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Let $U$ be a bounded domain of $\mathbb{R}^d$, and write $m$ for the Lebesgue measure on $U$. For $k=1,2$, we denote by $H^k(U)$ the set of all locally $m$-integrable functions $u\colon U \to \mathbb{R}$ such that for any multi-index $\alpha$ with $|\alpha|\le k$, the weak derivative $D^\alpha u$ exists and belongs to $L^2(U,m)$.

Define the Neumann Laplacian $(L,\text{Dom}(L))$ on $U$ by \begin{eqnarray*} \text{Dom}(L) & = & \{u \in H^1(U) : H^1(U) \ni v \mapsto \int_{U}\nabla u\cdot \nabla v\,dm \\ & & \text{ is continuous on $L^2(U,m)$}\} \\ -\int_{U}v Lu\,dm &= &\int_{U} \nabla u\cdot \nabla v\,dm,\quad u \in \text{Dom}(L),\,v \in H^1(U). \end{eqnarray*}

I know that if $U$ is a bounded $C^2$ domain, $\text{Dom}(L) \subset H^2(U)$ (see Section~10.6.2 in [1] ). Even if $U$ is a bounded Lipschitz domain, does this inclusion hold ? I don't think this is correct in general.

For example, if $U$ is a $C^{1,1}$ domain or convex domain, does this holds?

I would like to know various conditions for $U$ such that the inclusion $\text{Dom}(L) \subset H^2(U)$ holds.

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    $\begingroup$ This question is related to yours, and it has some information in the comments: mathoverflow.net/questions/154710/… $\endgroup$ Commented Nov 5, 2022 at 18:06
  • $\begingroup$ @ChristianRemling Thank you for your helpful comment! $\endgroup$
    – sharpe
    Commented Nov 5, 2022 at 18:38
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    $\begingroup$ Sections 2.4 ($C^{1,1}$ domain) and 3.2 (convex domain) in Grisvard's 'Elliptic problems in nonsmooth domains' could be of interest to you. (The latter follows the approach outlined by Giorgio Metafune as I understand it.) $\endgroup$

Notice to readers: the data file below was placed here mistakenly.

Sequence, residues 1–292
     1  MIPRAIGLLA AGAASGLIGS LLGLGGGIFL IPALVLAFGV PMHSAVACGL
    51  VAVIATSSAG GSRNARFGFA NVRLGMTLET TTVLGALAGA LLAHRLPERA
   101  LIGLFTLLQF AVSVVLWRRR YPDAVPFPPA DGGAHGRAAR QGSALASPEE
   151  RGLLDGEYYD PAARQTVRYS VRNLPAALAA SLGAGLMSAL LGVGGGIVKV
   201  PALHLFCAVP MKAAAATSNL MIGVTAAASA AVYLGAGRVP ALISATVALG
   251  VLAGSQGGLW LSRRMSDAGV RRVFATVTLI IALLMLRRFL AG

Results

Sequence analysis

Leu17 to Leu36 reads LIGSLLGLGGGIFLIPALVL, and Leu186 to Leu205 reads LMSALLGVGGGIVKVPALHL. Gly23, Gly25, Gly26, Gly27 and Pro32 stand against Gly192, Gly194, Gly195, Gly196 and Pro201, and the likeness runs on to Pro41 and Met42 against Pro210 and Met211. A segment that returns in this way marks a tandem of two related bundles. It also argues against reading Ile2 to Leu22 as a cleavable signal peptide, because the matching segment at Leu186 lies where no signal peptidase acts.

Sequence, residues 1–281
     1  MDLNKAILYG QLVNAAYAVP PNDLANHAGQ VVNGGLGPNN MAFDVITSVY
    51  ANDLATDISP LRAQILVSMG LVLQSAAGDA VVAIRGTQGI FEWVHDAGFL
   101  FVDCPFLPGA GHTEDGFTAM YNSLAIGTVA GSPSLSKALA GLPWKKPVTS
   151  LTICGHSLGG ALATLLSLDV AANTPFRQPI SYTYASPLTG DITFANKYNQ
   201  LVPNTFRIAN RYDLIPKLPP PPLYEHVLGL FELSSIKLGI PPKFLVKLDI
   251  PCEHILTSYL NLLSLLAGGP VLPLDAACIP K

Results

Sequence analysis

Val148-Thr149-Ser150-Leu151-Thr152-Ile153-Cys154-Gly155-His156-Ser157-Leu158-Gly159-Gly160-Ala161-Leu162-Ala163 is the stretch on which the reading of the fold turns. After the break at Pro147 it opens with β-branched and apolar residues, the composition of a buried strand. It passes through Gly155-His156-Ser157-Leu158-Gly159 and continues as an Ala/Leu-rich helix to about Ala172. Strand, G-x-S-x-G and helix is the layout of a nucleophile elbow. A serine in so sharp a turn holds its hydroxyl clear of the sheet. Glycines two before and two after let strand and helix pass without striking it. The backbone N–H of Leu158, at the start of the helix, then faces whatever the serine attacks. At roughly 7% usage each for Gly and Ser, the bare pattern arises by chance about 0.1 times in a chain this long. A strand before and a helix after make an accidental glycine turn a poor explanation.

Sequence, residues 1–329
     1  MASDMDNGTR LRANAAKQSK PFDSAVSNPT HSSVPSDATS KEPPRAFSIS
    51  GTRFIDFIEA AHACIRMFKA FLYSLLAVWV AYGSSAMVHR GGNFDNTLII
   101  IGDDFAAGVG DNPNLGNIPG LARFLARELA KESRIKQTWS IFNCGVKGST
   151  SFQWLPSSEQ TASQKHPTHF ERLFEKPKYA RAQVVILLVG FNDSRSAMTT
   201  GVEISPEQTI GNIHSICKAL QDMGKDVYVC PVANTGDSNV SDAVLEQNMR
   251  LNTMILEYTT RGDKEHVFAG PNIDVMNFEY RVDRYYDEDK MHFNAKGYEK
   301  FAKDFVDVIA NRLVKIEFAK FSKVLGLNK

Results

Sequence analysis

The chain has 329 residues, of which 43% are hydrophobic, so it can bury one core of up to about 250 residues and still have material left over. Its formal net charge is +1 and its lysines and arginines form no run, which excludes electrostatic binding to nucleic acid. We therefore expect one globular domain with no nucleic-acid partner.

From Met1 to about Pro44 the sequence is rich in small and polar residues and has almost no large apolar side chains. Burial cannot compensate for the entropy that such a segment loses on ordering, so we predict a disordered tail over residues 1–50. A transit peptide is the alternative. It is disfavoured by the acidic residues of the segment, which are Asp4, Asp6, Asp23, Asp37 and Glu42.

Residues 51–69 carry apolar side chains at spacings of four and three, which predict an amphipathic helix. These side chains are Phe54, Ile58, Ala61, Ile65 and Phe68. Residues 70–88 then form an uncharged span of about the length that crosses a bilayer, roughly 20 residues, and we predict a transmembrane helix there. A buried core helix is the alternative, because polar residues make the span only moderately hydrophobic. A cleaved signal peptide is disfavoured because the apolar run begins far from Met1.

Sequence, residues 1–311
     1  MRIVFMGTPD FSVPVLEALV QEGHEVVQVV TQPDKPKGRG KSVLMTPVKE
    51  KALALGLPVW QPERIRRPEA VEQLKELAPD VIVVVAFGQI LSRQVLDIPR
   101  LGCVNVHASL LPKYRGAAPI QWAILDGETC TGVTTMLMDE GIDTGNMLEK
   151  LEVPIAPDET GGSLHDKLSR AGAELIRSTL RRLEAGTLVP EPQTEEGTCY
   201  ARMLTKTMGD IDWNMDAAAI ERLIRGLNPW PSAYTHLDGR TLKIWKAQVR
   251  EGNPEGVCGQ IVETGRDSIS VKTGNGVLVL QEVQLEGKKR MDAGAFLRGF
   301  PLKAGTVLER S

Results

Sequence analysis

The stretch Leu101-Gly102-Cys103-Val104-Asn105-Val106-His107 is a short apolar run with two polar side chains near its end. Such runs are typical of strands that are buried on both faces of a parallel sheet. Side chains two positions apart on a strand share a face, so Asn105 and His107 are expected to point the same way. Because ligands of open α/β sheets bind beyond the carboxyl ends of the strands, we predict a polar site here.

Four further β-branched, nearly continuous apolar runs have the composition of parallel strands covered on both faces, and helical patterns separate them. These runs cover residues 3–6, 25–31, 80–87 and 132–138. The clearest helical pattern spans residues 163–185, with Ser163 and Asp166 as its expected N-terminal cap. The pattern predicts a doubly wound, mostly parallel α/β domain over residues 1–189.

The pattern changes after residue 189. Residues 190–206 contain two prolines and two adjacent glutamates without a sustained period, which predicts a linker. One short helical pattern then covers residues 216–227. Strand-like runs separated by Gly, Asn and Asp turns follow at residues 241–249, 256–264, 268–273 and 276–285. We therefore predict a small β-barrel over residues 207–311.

– Hannes
    Commented Nov 14, 2022 at 10:05
  • $\begingroup$ @Hannes Thank you for your comment. I found a positive result in the Grisvard's book. $\endgroup$
    – sharpe
    Commented Nov 16, 2022 at 4:41

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This is a partial (positive) answer for the convex case only but not every detail has been worked out. Let first $U$ be convex and smooth and all functions be in $C^3$ up to the boundary. Integrating by parts one obtains $$ \int_U |\Delta u|^2=\int_U |D^2 u|^2+\int_{\partial U}\sum_{i,j}(D_{jj}uD_i u-D_{ij}uD_j u)\nu_i d\sigma. $$ Here $|D^2 u|^2 =\sum_{i,j}|D_{ij}u|^2$. The first term in the boundary integral vanishes because $\langle \nabla u, \nu \rangle =0$. Differentiating this equality along any tangent vector $h$ to $\partial U$ one gets $\langle D^2 u\, h, \nu \rangle +\langle \nabla u , D_h \nu \rangle=0$.

If $h=\nabla u$, the convexity of $U$ gives $\langle h, D_h \nu \rangle \geq 0$ and then $\langle D^2 u\, \nabla u, \nu\rangle \leq 0$ and finally by the equality displayed $\|D^2 u\|_2 \leq \|\Delta u\|_2$. This is an a priori estimates for smooth functions and smooth convex sets, with a constant independent on the smoothness of $U$ and an approximation argument should give the result.

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  • $\begingroup$ Thank you for your very helpful comment. I see. I understood the estimate of the norm of the Hessian norm of $u$. $\endgroup$
    – sharpe
    Commented Nov 16, 2022 at 4:45

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